One of the NBA’s catchiest chants acknowledges one of the most thankless tasks in the game: “Defense!” applause. applause. “Defence!” This week, the Miami Heat made a near-impact move to slow down two of the league’s most fearsome players, Denver Nuggets’ Nikola Jokic and Jamal Murray, during the NBA Finals in front of a home crowd. While we were dealing with a near-possible challenge, it rained.
The most epic defensive matchups in the NBA are usually one-on-one clashes between opposing star players. But it’s a lot of work. really hard. Perhaps he can stop explosive scorers like Jokic and Murray in a possession or two. But every time under the floor? About 48 minutes? On an undersized roster that has endured a long postseason struggle?
Good luck. For more than 50 years, the NBA has refused to allow teams to do otherwise. It was man-to-man defense or bust. But now, teams can be more creative in shutting out their opponents. And no team is more creative than the Heat, using zone defense (a scheme in which defenders protect areas of the court rather than individual players) more than any other team in the league.
Wednesday’s Game 3 saw two players trapping Denver’s inbounds passes early in the second quarter, plus two defending the basket in midcourt and one in the far end, a 2-2-1. zone press.
With just 14 seconds left on the shot clock, the Heat’s defense had turned into a half-court zone before the Nuggets managed to steal the ball up the court. The 2-3 set had two players at the top of the perimeter and three on the sides. Base line. Nuggets point guard Murray missed a 3-point shot from the left corner, and the Heat raced to tie the bucket.
Unfortunately for the Heat, it was all they could do to take a 2-1 series lead with a 109-94 loss to the Nuggets ahead of Game 4 in Miami on Friday. Thing. Murray and Jokic both had triple-doubles in Denver and were largely unfazed by Miami’s shapeshifting defense for at least one game.
“We didn’t hold back much,” said Heat coach Eric Spoelstra, lamenting the team’s lack of effort, but thought it was an anomaly. He added, he added, “I think what we’ve proven over and over again is that we can win and we can find different ways to win.” .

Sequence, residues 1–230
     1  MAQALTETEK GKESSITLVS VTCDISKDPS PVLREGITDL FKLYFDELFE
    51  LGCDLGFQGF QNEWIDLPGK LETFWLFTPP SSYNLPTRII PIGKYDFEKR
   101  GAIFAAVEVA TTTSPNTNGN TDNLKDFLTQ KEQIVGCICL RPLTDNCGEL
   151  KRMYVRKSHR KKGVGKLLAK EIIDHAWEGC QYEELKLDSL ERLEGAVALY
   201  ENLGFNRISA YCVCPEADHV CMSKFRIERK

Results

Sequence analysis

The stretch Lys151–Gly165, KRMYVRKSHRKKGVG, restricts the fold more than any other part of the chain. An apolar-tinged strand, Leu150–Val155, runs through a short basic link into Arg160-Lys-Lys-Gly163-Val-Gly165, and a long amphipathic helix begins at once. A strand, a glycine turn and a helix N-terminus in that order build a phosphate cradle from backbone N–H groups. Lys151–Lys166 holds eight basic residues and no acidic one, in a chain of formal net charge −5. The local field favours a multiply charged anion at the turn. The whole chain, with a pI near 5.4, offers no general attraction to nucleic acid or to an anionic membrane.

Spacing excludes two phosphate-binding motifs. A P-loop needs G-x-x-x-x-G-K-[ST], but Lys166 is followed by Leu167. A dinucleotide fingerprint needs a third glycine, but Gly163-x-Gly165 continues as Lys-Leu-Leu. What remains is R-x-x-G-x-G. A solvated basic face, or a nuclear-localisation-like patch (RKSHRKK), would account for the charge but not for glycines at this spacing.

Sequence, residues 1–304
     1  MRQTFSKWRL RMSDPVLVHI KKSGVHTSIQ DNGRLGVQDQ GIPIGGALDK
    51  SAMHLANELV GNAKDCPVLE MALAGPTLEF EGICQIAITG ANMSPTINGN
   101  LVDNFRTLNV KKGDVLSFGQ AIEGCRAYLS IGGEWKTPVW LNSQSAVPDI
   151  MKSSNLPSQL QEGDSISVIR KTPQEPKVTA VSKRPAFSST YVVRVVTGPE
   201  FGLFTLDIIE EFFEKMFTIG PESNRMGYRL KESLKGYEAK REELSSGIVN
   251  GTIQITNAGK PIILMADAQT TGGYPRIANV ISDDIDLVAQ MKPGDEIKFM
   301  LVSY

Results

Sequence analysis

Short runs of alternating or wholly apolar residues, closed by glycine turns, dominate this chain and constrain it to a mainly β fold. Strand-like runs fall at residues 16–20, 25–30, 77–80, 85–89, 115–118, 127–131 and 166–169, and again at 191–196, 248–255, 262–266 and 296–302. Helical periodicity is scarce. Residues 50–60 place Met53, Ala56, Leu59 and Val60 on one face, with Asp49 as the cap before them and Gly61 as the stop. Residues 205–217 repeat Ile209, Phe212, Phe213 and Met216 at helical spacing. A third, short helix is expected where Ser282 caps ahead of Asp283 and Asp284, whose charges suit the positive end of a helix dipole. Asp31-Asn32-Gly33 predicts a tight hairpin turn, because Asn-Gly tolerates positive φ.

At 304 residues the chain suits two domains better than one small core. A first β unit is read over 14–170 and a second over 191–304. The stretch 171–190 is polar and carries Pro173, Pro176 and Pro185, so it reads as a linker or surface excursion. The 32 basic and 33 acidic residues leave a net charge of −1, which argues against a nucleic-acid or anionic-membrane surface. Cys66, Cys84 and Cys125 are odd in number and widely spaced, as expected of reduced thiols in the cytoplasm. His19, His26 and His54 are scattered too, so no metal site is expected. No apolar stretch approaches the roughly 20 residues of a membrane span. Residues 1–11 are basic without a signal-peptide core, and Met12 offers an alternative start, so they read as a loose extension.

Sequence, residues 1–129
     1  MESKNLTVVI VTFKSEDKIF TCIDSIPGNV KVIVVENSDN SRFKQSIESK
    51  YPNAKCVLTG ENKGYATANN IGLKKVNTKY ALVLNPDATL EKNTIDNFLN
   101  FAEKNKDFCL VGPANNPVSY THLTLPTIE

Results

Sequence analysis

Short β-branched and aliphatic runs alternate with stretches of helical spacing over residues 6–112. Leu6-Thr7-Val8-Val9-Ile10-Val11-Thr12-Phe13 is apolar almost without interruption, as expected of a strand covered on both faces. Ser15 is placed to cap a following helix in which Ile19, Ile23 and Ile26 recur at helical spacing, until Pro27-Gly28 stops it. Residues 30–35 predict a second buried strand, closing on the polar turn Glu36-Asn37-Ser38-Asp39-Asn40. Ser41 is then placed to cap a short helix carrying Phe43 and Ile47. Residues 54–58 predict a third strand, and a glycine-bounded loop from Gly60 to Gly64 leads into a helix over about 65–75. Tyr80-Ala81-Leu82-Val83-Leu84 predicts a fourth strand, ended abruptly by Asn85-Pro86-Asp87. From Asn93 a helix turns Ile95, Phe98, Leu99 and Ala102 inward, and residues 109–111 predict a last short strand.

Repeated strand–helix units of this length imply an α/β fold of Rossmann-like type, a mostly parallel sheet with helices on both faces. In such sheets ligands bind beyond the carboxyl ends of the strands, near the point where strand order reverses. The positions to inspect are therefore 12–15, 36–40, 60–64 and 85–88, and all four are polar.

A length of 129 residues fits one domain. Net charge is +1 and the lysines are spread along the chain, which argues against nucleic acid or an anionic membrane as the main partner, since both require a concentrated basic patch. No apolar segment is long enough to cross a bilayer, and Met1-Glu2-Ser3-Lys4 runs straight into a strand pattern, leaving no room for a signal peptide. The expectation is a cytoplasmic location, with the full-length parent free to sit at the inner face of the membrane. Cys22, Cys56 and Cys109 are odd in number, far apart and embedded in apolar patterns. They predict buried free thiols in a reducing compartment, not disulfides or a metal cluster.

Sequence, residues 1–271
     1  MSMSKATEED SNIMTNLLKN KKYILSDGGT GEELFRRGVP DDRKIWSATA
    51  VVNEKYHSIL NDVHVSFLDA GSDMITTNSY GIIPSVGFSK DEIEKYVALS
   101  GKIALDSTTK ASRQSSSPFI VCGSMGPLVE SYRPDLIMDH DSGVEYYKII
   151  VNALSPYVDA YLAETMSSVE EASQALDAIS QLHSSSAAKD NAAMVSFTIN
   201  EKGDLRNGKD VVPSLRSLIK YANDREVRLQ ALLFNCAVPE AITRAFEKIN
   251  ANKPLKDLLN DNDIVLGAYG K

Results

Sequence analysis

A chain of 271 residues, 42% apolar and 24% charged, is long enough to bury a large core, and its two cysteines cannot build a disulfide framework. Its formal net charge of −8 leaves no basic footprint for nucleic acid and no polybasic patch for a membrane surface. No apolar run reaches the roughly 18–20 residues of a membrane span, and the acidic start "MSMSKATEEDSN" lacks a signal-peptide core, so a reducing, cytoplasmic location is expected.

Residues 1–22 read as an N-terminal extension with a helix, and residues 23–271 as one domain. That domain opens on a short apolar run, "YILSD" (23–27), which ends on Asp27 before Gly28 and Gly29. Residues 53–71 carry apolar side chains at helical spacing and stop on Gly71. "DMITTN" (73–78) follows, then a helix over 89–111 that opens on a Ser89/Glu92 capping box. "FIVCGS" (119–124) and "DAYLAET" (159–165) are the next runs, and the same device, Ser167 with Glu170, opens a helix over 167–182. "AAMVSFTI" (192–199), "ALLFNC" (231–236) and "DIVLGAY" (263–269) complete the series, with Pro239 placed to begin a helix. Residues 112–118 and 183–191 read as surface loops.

And one of those methods is zone defense. This series has a talent gap. The Nuggets have more of that thanks to a wealth of specialty shooters and the all-around magic of two-time NBA Most Valuable Player Jokic. So, to slow down the pace of play and make up for the lack of size, the Heat have occasionally abandoned man-to-man defense by shuffling zones.
This is nothing new to them. Miami played the zone with a league-best 19.7 percent of defensive possessions during the regular season, according to the report. synergy sports, scouting and analysis services. The Portland Trail Blazers were second with 14.9 percent of time played in the zone, and the Toronto Raptors (8.4 percent) were third.
More importantly, the Heat used the zone effectively, limiting their opponents’ points-per-possession to 0.937, even in the midst of a regular-season struggle that threatened playoff berth. By contrast, opponents averaged 1.009 points per possession against man-to-man defense.
Miami has been playing a bit less zone defense in the playoffs (the zone defense now makes up 15.7 percent of defensive possessions ahead of Game 4), but no other team uses it as often. And the Heat have had some success with that, holding opponents to 0.916 points per possession versus 1.003 points per possession on man-to-man defense.
“I think it works because it doesn’t,” said Heat point guard Gabe Vincent.
Jim Boheim, who recently retired after 47 seasons as a men’s basketball coach at Syracuse University, has become very famous and synonymous with the 2-3 zone defense. However, in his early years at Syracuse, he was actually coaching a more one-on-one defense.